The Jet Propulsion Laboratory in California tweeted on Thursday that the Ingenuity Mars Helicopter "didn't get off the ground, but the team is assessing the data and will aim to try again soon."
The day prior, the JPL said Ingenuity's next flight would attempt to go further, faster, and longer, than before. "We'll up the time airborne to 117 seconds, increase max airspeed to 3.5 m/sec (8 mph), & more than double the total range," the mission center said.
Weighing just four pounds when here on Earth, the tiny Ingenuity chopper is the first human-made object to take off from another world. It arrived on Mars atop the Perseverance rover, which plunged onto Earth's rusty neighbor in February. Ingenuity flew for the first time through the thin Martian atmosphere on April 19.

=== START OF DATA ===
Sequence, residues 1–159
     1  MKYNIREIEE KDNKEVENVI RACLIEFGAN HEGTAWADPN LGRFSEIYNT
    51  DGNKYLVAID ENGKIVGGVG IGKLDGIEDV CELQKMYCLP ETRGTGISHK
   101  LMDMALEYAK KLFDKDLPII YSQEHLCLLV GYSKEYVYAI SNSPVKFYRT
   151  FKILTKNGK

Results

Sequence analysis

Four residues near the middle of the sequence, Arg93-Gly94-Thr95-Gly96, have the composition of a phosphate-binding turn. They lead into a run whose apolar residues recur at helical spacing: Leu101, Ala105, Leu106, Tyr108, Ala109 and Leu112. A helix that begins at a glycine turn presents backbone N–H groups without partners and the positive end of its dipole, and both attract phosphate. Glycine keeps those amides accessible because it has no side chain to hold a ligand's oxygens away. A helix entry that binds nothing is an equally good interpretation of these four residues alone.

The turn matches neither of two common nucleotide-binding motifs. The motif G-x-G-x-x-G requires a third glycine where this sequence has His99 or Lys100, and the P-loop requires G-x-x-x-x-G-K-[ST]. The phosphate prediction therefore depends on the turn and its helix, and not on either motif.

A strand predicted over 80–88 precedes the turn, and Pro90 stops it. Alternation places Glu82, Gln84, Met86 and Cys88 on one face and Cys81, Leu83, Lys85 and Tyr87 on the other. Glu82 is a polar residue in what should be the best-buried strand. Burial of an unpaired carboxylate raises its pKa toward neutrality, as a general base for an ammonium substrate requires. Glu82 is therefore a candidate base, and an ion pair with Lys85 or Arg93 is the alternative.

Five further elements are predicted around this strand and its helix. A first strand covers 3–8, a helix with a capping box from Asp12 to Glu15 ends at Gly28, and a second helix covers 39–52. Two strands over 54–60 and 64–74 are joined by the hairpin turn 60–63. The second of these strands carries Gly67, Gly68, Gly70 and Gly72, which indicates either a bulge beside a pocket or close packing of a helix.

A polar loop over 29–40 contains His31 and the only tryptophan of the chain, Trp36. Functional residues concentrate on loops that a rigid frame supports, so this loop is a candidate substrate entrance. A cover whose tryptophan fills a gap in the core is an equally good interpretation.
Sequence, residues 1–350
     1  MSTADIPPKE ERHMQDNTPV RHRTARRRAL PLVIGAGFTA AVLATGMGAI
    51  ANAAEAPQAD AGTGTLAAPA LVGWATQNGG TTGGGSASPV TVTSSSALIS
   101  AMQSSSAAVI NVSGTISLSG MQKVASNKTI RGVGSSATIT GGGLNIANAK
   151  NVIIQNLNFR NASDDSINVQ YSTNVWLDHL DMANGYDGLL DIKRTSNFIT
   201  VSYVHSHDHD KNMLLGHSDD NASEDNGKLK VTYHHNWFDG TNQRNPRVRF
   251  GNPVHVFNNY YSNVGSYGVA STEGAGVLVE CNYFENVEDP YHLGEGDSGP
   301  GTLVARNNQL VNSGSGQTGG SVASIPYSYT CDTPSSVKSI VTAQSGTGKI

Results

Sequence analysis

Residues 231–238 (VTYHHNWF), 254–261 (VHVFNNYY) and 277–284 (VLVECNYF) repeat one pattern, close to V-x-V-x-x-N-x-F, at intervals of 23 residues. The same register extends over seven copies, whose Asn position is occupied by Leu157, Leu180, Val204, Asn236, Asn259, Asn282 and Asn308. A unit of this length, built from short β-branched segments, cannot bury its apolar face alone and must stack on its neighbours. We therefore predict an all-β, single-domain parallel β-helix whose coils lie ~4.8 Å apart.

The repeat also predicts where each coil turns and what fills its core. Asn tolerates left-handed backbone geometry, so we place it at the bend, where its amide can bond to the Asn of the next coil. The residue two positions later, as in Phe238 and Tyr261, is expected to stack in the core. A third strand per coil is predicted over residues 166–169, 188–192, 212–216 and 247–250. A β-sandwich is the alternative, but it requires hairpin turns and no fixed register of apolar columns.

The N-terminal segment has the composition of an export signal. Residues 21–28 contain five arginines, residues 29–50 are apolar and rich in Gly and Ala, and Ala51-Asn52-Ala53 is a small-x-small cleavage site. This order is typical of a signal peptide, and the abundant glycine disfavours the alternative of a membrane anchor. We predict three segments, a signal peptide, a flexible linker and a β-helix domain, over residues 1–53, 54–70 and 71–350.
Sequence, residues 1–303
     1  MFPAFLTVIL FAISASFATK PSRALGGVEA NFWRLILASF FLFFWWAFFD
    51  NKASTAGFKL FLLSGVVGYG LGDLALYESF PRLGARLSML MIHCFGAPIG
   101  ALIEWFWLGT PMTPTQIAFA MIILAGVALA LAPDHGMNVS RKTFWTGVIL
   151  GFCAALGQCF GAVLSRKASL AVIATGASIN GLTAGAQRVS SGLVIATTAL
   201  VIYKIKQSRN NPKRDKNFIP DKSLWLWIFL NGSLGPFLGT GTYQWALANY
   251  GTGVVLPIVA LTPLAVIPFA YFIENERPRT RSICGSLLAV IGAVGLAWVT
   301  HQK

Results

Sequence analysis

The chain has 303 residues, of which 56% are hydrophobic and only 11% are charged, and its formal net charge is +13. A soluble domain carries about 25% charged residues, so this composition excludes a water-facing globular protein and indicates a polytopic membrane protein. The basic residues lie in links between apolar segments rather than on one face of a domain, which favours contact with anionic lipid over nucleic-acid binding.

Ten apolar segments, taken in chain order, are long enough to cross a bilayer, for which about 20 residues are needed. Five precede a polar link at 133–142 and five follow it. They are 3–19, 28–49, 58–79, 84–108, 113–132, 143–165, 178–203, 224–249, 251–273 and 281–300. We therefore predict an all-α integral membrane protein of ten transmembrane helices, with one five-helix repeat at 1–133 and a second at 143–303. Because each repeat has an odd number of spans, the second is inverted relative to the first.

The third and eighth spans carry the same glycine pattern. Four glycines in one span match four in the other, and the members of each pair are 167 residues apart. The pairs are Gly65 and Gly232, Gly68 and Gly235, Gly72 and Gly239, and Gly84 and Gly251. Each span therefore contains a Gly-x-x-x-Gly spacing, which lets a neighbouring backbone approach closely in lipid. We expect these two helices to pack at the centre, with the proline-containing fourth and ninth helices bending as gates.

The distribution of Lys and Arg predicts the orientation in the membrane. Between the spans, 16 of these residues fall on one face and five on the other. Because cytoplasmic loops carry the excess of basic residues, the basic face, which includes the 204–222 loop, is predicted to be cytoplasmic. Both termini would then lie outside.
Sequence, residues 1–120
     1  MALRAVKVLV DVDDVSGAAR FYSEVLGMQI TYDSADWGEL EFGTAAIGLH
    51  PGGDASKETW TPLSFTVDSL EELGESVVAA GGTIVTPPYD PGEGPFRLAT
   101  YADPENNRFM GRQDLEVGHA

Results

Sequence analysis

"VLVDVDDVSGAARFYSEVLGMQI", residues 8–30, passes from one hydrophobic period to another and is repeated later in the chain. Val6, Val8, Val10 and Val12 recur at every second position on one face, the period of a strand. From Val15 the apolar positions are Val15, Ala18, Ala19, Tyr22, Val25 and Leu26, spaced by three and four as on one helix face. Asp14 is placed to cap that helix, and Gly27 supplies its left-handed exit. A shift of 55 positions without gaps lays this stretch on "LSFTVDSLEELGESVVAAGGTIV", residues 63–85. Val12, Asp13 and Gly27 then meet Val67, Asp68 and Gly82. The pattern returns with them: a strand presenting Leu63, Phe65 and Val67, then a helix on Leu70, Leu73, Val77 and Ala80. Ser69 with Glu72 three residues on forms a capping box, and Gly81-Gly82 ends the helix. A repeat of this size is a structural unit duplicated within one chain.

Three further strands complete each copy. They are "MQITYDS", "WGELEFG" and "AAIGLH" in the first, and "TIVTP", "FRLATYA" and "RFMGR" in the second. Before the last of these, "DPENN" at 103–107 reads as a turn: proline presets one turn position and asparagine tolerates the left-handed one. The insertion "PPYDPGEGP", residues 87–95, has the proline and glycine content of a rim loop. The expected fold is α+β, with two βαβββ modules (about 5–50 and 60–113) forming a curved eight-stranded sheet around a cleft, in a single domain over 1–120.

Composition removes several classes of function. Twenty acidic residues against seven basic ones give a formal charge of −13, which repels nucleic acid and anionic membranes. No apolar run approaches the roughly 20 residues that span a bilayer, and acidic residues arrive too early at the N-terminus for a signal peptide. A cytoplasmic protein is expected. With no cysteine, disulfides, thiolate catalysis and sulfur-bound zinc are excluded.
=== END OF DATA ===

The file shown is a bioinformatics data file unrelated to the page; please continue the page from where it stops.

Perseverance isn't the first rover to land on Mars, but for the first time, even its arrival wasn't alone: just days earlier, separate probes from China and the United Arab Emirates also arrived in Martian orbit. The UAE's Hope probe is only an orbiter, but China's Tianwen-1 orbiter will soon disembark its own rover to the surface. While a specific time and landing site has not yet been determined, May or June are expected. Earlier this week, China's National Space Administration revealed the rover's name is Zhurong, after the Chinese god of fire.